I was driving through Wicklow in 1987 when I  heard radio reports of the ongoing Zeebrugge ferry disaster in Belgium. People were dying at that very moment while I was enjoying the peace and beauty of the Wicklow hills. A similar contrast with the Battle of the Somme.

Wild Wicklow Hills

When I was nineteen, they sent me aboard a big ship
It took me to France
The crash of a shell blew my arse into hell
Took a leg off for fear I might dance
I lay in the mud that was crimson with blood
Studded with shrapnel and shell, bloody hell
The pain in my thigh, it darkened my sky
I dreamt of the wild Wicklow hills

Wicklow was peaceful that time of the year
The hush through her heather was all you could hear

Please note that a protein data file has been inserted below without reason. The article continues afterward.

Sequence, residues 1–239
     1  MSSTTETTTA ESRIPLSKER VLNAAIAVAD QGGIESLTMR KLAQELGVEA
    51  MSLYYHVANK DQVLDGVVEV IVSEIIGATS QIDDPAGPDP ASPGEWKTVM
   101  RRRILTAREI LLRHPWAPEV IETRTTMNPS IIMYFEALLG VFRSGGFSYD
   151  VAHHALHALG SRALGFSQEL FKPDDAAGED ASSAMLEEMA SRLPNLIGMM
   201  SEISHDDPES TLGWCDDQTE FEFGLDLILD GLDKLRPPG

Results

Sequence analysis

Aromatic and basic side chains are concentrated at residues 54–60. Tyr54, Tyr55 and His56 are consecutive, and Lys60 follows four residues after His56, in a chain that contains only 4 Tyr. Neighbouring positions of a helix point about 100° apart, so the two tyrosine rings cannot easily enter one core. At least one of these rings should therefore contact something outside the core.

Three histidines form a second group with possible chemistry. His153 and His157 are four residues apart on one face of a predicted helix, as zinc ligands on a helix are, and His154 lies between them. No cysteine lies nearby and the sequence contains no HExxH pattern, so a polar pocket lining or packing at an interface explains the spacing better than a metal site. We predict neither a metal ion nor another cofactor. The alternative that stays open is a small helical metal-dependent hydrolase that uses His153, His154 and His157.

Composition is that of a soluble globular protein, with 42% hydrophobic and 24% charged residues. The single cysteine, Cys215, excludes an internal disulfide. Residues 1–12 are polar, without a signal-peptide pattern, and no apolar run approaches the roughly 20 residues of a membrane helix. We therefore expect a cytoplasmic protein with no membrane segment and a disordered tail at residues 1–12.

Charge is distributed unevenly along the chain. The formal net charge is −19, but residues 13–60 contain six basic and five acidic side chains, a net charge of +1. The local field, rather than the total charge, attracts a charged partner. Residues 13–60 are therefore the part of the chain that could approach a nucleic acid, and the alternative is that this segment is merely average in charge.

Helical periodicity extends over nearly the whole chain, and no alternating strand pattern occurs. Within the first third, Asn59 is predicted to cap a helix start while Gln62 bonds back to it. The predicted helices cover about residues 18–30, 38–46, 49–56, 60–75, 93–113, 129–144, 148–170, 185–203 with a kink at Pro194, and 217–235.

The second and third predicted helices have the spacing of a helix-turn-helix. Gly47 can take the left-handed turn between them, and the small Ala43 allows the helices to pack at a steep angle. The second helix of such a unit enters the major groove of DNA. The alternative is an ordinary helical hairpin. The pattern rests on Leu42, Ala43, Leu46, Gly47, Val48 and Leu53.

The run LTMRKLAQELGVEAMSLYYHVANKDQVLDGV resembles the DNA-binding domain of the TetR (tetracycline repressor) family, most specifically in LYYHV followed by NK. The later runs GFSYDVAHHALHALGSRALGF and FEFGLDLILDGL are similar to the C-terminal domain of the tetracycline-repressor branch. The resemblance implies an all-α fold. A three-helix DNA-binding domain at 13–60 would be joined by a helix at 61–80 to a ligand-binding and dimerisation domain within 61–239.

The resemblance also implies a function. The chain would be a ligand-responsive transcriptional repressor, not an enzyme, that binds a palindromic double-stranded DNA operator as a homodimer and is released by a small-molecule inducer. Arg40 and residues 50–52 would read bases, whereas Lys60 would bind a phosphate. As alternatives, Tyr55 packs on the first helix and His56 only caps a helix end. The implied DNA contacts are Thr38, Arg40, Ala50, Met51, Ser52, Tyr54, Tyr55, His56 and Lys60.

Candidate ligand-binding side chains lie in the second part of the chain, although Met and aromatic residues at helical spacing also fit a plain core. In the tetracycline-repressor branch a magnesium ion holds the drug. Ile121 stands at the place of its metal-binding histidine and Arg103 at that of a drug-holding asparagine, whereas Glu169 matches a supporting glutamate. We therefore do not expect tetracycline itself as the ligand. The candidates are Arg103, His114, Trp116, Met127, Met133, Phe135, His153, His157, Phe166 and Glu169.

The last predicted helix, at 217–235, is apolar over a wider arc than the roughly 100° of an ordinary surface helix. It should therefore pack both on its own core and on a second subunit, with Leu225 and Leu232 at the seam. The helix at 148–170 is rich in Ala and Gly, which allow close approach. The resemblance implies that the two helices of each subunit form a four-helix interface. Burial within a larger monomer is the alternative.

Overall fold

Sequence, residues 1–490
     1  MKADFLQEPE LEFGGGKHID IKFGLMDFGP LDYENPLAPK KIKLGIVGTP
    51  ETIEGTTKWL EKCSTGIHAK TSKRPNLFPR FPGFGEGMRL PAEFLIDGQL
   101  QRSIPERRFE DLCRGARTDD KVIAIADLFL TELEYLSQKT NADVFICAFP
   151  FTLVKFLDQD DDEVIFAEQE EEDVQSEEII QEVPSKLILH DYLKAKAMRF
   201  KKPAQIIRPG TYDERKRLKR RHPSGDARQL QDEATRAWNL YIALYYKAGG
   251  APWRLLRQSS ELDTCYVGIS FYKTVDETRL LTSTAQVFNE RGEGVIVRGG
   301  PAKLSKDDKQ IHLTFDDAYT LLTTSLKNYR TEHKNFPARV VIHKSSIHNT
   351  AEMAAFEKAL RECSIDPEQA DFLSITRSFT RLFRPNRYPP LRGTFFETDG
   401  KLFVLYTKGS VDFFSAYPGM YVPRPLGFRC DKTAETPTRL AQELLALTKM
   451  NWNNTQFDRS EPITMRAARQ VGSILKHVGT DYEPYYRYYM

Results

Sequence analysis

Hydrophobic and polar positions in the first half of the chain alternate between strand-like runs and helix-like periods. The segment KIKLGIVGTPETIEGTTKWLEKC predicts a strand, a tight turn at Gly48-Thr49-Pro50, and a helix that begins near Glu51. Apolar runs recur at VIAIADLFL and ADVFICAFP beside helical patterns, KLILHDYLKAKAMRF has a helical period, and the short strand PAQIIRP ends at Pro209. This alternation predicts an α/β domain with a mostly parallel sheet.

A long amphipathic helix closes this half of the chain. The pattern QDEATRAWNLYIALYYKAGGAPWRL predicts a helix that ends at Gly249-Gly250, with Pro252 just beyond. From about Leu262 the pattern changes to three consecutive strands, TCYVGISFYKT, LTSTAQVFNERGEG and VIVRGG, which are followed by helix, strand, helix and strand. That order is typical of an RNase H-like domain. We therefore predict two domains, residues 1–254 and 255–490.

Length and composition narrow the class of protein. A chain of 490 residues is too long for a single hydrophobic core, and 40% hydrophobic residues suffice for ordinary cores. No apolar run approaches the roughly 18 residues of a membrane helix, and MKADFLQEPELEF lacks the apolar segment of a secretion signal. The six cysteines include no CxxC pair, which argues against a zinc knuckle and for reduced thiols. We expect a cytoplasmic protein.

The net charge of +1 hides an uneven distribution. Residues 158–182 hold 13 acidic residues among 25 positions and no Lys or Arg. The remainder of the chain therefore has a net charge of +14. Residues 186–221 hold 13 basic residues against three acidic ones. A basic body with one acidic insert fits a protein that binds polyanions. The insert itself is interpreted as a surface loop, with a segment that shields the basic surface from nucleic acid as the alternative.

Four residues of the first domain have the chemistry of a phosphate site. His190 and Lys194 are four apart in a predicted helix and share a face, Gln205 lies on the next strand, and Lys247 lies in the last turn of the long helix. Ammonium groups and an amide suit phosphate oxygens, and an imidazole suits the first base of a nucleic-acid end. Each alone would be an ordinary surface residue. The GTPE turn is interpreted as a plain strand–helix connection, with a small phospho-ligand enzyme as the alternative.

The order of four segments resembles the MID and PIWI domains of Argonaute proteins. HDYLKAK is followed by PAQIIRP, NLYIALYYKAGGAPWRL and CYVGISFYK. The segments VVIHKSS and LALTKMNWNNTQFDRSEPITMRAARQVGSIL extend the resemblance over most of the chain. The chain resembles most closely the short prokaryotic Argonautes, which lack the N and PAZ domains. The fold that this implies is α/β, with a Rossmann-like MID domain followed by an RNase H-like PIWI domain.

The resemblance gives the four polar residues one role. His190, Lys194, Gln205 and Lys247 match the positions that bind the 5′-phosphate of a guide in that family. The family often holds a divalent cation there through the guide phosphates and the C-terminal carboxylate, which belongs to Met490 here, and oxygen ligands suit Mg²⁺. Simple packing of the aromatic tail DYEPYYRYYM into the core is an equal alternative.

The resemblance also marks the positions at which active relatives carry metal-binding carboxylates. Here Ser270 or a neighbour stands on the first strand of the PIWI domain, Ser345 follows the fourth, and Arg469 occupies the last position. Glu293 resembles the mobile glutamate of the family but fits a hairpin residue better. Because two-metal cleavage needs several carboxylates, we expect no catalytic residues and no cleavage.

In her hills and her valleys, no anguish or fear
There's peace on the wild Wicklow hills

The gave me a crutch and sent me back home
I pitied the men left behind
For those not soon dead, they were numbered instead
As crippled, as maimed or as blind
At Charing Cross Station, they turned round that train
Took more human fodder to war, bloody war
They hadn't a chance in those hell holes in France
The Somme, it ran red with their gore

The war to end war was counted in cost
Twenty eight million missing or dead
But rather that end it, the second time round
We just doubled those numbers instead
We've killed and we've maimed, we've slaughtered again
And lord I just don't know what for; oh what for
There's flies in the eyes of a child as he cries
Indifference goes on evermore